In the Moment: ‘The Happiest Place on Earth’ at 1st  Stage

'The Happiest Place on Earth' is an understated winner at The 3rd Annual Logan Festival of Solo Performance.

With a return visit to The Happiest Place on Earth, new gemstones are uncovered, adding complexity and currency to its bittersweet tale about dreams that a heart makes.

Tia Shearer in ‘The Happiest Place on Earth.’ Photo courtesy of 1st Stage.

In its current incarnation as part of The 3rd Annual Logan Festival of Solo Performance at 1st  Stage, The Happiest Place on Earth remains an understated winner. Tia Shearer once again shines in her cracker-jack solo performance under the assured direction of Matt  Bassett.

My initial peek at The Happiest Place on Earth was at the Hub Theatre in July 2017. Not only do Shearer and Bassett reprise their assured roles but so do a top-notch creative team of Debra Kim Sivigny (scenic design) Diane Fairchild (lighting), Reid May (sound), with Patrick Lord’s projections.

So, what is new to say about empathetic Chicago-based, almost 40 year old playwright Philip Dawkins’ play about a family trying desperately to eliminate psychic pain in the safety of its yearly visit to a magical kingdom?

Well, there is plenty.

In my recent viewing of The Happiest Place on Earth, I saw complex shadings and timing in Shearer’s performance; especially those that illuminated Dawkins quieter dialogue about vexing cultural and political issues that are confounding America at the moment. In a time of bombastic words and presentations, Dawkins has a different approach to show the less digestible of America. He gently “shows,” so the audience can see for themselves and decide for themselves. His approach is not a loud, belligerent forced “tell.”

Call him old-fashioned, but Dawkins’ characters are not mocked or made to appear stupid. Each has human frailties. There is no “going blue” for cheap laughs.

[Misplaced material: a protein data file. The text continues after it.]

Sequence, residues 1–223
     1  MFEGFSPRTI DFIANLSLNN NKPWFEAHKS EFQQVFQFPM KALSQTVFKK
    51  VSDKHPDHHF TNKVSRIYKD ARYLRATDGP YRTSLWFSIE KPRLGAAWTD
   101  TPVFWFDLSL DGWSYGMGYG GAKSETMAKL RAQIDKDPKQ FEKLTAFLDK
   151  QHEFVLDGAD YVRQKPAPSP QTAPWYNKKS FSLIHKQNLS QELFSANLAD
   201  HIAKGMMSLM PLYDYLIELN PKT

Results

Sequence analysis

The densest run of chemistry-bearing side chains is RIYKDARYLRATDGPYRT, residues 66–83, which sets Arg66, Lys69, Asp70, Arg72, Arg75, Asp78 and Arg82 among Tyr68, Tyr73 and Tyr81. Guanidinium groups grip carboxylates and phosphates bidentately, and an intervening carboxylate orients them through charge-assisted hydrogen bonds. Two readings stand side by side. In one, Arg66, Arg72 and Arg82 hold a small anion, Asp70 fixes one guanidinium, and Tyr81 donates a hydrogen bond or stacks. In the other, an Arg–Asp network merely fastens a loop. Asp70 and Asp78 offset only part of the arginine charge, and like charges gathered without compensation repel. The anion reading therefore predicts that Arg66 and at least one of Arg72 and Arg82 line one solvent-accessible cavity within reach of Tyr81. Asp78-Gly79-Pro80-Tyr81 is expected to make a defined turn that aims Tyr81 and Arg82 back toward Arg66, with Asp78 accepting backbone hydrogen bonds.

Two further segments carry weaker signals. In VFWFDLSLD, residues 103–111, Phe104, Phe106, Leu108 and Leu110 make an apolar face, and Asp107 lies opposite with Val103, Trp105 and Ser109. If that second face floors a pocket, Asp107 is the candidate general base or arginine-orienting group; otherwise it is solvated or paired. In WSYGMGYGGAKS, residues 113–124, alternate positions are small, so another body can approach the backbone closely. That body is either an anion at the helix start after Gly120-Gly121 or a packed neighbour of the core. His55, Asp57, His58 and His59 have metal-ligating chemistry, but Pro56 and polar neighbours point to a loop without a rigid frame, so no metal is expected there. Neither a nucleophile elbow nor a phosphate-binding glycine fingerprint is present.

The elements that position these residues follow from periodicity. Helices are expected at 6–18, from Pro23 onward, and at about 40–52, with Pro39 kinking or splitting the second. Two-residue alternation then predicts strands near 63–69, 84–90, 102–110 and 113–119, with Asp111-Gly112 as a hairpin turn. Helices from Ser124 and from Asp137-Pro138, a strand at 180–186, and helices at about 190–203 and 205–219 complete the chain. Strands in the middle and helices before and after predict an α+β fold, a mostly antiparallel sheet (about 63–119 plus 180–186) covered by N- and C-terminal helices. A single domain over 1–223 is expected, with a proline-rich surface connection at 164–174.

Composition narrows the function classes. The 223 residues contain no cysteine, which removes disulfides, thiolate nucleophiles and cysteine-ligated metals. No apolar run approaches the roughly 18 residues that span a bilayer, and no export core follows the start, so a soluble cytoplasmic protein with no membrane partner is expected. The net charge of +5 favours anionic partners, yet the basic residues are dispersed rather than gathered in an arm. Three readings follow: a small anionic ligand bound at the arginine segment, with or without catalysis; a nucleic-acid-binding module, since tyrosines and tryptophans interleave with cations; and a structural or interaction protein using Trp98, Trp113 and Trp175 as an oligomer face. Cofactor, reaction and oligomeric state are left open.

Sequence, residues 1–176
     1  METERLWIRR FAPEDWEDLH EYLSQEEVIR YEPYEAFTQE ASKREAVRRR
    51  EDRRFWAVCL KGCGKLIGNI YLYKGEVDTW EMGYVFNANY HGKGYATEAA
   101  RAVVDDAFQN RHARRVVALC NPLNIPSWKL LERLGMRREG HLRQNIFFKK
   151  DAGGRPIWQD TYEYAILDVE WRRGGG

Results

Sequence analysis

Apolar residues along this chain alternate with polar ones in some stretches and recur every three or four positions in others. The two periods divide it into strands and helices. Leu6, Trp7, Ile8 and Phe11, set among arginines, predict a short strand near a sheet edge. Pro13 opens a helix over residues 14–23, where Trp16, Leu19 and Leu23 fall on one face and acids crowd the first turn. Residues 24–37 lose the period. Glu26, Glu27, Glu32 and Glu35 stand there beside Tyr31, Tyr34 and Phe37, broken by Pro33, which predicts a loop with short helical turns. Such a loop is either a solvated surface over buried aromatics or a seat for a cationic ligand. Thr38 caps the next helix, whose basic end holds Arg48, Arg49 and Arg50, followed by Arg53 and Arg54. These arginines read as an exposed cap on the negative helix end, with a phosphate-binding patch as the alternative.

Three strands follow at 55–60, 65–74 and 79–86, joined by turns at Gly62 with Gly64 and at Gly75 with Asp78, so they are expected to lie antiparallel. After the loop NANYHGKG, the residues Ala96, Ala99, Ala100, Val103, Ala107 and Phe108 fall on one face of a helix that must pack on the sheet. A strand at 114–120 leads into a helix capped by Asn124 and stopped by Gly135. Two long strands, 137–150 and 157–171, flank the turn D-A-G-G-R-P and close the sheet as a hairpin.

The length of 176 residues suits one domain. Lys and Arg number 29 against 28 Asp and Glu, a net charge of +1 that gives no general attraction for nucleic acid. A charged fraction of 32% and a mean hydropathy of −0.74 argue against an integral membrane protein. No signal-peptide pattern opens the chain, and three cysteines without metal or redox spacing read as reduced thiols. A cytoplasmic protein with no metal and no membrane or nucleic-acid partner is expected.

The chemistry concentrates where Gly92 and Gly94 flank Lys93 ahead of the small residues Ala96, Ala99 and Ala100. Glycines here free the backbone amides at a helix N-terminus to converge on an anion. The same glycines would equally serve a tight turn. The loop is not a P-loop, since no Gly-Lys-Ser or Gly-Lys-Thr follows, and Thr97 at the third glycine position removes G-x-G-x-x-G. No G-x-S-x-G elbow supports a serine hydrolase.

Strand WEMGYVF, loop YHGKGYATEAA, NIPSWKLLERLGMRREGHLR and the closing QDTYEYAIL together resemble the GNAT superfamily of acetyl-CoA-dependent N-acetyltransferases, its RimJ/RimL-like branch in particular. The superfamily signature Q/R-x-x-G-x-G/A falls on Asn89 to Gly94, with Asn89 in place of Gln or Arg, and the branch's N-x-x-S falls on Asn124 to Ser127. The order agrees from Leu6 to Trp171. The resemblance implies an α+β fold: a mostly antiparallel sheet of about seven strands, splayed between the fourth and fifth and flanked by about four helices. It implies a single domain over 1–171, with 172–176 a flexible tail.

In our current times of heated political and cultural invective, a shrewd Dawkins does not shy away from placing shining sharp nuggets of truth and wisdom within The Happiest Place on Earth for a clear-sighted audience to find. He does not hide that a magical kingdom was built upon false truth about ”the hard facts that created America.” He does not hide that a magical kingdom was originally built for white folk of certain privilege. Dawkins is candid that clean-cut appearance was the only acceptable way of life in the magic kingdom’s creation story. And that being an “other” was not acceptable in a magic kingdom, even if its creator, Walt Disney wrote: “To all who visit, welcome.”

In this time of heated “whose side are you on” rhetoric, Dawkins has a cooler approach to bringing white and class-based privilege to an audience’s attention.

Dawkins is sophisticated and nuanced in his approach to placing his points through The Happiest Place on Earth. His characters are not cranky scolds. Dawkins’ dialogue sneaks up on the audience so they might better hear what he has to say without the use of a weaponized pointed finger.

What’s more, Dawkins has lines about “why” some may do as they do and need a magical kingdom to go to once a year. Lines I seem to have missed in my previous times with The Happiest Place on Earth.

Dawkins has a narrator speak about folk who had been in two wars and had seen way too much carnage and death, who now feared the Cold War and the Atom Bomb’s possible use on their own children. They wanted a place of safety from a world full of grievous losses. They sought out a fantasy where they might forget their troubles and be happy for a few hours. With Tia Shearer expertly acting the narrator’s role, the audience has the opportunity to take in messages without a sense that they need to defend themselves for their own mistakes and transgressions.

The Happiest Place on Earth is a crafty, subversive tale about a family seeking shelter from the storm with complex broader cultural messages hidden within. It is temperate and unhurried, even appearing innocent at times. Just don’t overlook its sui generis manner taking on the mean spirited or overheated storytellers. Happiest may seem at first blush for those of a certain age recalling memories of their own long-ago youth. It is way more than a nostalgia trip for aging Boomer children. There is a bite to it that leaves a real mark.

Running time: About 90 minutes, with no intermission

The  Happiest  Place on Earth, presented by 1st  Stage at the 3rd Annual Logan Festival of Solo Performances, plays through July  21, 2019, at 1524 Spring Hill Road, Tysons, VA. For tickets, call 703-854-1856 or go online.